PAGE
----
Islam itself, so close to its land of birth, presents a quiet, respectful face, worlds away from the violence and misery that saturate Western media. From my vantage point in the souq, I observed a peaceful, multicultural world, where Saudis in black burka stroll alongside Lebanese women in tight jeans.

It’s not a perfect world, but through oil money, Qatar has opened up to the world on its own cultural terms.

The Call to Prayer

As the sun begins to set on Qatar, the heartbreaking beauty of the muezzin‘s call to prayer fills the warmth of the approaching evening. The songs echo throughout the city, from every minaret under the Qatari sky.

I came to Qatar with no preconceptions, and will leave with puzzles. It’s painfully obvious that the story of these pearl divers turned oil magnates has yet to be told without prejudice in my own homeland.

But I am a mere tourist, a bum hanging out in the souq. What do I know?

I have seen through the grape smoke of a shisha, and beyond the superficial lies told to antagonize a rich, complex and fascinating culture. And as the charcoal embers die down atop my shisha, what I really know is that I want to learn more.

Special Thanks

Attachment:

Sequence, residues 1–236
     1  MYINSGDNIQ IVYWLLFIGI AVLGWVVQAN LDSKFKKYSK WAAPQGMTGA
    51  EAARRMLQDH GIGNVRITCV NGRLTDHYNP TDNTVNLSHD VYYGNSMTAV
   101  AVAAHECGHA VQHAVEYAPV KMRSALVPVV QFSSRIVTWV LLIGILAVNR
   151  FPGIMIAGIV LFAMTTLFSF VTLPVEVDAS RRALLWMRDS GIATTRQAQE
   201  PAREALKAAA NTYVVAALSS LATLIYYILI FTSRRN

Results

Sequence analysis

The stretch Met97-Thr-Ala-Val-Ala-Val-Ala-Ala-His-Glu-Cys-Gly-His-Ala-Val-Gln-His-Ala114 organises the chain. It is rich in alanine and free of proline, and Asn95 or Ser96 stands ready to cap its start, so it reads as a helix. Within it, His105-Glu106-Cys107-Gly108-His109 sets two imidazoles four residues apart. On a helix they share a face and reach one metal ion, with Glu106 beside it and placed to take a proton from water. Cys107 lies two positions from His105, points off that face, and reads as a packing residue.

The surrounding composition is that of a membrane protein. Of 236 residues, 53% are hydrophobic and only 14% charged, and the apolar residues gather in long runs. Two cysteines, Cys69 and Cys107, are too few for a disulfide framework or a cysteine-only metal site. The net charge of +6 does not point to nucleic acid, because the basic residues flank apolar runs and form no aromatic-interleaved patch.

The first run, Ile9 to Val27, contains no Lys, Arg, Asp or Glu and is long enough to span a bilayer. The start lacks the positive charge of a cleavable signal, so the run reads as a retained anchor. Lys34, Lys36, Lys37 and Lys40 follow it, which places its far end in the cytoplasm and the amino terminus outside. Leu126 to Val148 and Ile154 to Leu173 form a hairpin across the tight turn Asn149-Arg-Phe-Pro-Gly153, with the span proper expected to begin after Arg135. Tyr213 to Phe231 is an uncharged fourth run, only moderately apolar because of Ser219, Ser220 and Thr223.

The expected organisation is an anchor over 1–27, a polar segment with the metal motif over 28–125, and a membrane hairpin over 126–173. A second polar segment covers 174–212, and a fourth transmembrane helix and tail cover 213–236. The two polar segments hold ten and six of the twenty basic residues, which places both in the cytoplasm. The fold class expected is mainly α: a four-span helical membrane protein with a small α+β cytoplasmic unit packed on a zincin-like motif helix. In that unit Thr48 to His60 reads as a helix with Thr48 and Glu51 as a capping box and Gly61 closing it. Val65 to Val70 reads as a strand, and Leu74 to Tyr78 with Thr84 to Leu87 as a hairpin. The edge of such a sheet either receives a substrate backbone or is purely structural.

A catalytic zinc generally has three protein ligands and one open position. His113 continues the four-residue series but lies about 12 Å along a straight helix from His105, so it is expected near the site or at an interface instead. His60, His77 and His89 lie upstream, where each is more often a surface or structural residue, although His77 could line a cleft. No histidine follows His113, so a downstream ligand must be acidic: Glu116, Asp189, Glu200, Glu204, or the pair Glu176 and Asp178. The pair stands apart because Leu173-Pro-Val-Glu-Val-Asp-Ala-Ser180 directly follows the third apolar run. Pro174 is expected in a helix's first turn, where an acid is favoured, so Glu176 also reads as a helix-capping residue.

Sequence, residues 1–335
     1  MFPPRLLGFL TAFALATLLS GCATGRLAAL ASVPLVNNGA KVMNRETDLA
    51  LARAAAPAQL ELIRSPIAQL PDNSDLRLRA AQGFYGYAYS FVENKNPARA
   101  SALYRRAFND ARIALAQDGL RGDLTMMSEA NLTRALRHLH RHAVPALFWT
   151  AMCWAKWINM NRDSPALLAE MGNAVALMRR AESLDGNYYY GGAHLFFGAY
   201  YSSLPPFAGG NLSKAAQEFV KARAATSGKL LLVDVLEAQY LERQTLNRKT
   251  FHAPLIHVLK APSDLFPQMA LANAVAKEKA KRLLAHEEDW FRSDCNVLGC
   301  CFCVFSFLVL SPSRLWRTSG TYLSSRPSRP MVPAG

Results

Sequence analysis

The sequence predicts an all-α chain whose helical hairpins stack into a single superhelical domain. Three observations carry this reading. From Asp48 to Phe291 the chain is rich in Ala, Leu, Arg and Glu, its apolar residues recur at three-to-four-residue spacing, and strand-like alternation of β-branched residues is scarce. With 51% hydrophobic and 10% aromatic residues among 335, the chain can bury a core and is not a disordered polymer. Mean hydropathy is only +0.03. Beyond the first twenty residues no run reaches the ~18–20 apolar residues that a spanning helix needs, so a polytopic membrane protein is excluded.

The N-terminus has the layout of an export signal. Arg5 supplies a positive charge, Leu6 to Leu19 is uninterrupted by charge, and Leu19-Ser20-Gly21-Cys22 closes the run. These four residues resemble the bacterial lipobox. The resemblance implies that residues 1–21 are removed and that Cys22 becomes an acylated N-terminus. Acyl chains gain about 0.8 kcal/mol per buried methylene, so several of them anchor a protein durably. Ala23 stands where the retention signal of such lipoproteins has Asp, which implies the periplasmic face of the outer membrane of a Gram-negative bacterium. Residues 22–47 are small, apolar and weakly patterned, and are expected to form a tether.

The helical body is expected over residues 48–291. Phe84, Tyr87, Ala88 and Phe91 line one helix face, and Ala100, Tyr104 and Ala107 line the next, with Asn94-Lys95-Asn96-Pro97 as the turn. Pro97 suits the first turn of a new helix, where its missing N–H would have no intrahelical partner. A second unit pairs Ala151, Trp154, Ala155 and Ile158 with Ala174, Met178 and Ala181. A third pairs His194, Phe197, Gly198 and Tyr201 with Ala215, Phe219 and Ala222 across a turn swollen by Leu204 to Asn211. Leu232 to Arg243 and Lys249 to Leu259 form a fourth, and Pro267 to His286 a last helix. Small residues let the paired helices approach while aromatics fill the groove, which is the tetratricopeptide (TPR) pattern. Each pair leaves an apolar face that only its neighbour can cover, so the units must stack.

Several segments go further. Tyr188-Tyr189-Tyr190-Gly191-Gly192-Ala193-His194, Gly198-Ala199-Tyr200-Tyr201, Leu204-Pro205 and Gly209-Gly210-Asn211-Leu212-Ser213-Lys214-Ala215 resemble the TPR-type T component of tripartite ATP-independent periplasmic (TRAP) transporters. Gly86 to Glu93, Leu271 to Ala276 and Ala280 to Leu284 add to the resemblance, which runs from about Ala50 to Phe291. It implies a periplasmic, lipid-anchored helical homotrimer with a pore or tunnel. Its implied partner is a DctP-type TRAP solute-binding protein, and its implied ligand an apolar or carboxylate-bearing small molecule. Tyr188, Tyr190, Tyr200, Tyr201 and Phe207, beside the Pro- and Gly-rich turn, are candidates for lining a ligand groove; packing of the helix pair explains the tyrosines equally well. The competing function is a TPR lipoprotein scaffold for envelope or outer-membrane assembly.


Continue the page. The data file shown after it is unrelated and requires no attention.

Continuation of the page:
I wish to thank Tracy, our new friend in Doha, for making our stay in Qatar not only possible, but informative and enjoyable. Tracy’s observations on Gulf culture, based on her ten years of living in the region, has provided a much-needed insight, and helped open my eyes to this rich, fascinating culture.

See you in North Africa, Tracy!

About Daniel Roy

Daniel is a writer, backpack foodie, slow traveler, and endurance runner. He is the author of the upcoming book, "The Way of Slow Travel: A Hands-On Guide to the Best Travel of Your Life."


  1. Well, Daniel you managed to absorb a heck of a lot of information in your short time in Doha. It’s refreshing to meet people like you and Helene that arrive in a new place with so few preconceived notions despite having been around the propaganda media machine as we all have.
    It was a delight to spend time with the both of you and yes, I hope to see you on an interesting road to somewhere, soon.

  2. Great post Daniel! Its rare to see people who visit a place without judging it before and after the visit. Where is the food though? 🙂

  3. Hehe! Well, Shalabh, I like to think that even though the shisha is not strictly food, it still fits with my blog’s approach: enjoying the sensual in a local setting to get a greater glimpse of the place I visit.

    Didn’t get to enjoy traditional Qatari food, though, which is a shame. Hope I can try Gulf food at a later time, though.

  4. Enjoyed this post immensely. I recall my first puff of the Shisha pipe beachside in Dubai. What a unique flavor and enchanting experience to feel the heated air circulating through my lungs as the desert and ocean breezes collided in my hair. I was also left realizing the level of misperception that exists between the East and the West. Great posting full of info. Thanks…